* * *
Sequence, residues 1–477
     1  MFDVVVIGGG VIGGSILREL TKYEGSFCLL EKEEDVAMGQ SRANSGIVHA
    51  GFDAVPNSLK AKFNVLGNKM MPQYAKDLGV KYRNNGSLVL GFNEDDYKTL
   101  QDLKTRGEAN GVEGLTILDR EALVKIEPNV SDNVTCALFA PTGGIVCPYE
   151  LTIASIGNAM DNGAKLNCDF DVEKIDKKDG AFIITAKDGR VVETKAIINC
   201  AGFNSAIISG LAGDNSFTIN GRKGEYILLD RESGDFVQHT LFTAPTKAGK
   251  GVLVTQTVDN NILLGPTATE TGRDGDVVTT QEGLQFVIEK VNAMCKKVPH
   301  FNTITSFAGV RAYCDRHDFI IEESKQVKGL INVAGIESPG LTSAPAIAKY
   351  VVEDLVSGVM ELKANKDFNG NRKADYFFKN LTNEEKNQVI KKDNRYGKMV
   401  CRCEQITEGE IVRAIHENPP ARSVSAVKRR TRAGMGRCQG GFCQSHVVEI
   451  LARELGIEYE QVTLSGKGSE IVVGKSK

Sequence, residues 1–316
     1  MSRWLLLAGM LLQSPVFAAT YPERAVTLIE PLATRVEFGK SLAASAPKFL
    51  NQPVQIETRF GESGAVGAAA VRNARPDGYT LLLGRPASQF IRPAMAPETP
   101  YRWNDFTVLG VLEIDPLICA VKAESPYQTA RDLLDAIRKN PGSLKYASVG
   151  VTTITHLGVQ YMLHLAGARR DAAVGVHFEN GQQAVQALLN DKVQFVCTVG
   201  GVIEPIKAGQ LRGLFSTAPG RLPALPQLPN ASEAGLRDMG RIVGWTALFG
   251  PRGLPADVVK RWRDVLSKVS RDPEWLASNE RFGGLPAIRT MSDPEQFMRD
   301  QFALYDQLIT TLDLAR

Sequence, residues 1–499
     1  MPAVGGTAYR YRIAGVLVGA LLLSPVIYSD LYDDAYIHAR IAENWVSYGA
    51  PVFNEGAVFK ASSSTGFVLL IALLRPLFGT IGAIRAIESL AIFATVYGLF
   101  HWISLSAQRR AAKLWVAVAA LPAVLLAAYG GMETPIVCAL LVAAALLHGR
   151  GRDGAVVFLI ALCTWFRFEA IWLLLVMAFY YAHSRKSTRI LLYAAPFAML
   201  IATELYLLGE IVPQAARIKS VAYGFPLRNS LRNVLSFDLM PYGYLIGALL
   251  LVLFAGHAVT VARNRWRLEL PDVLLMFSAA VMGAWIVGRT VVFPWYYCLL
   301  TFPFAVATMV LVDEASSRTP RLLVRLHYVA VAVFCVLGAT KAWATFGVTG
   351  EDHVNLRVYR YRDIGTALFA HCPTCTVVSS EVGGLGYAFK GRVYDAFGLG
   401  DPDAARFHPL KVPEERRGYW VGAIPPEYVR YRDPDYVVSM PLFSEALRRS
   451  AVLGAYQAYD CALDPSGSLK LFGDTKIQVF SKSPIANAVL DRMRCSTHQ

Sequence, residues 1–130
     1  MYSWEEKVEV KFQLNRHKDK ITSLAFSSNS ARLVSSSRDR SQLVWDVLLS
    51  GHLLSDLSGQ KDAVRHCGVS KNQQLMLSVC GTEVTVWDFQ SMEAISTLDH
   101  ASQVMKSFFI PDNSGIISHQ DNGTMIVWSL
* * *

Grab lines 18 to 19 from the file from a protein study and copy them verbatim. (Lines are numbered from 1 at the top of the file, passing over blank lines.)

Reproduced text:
   251  PRGLPADVVK RWRDVLSKVS RDPEWLASNE RFGGLPAIRT MSDPEQFMRD
   301  QFALYDQLIT TLDLAR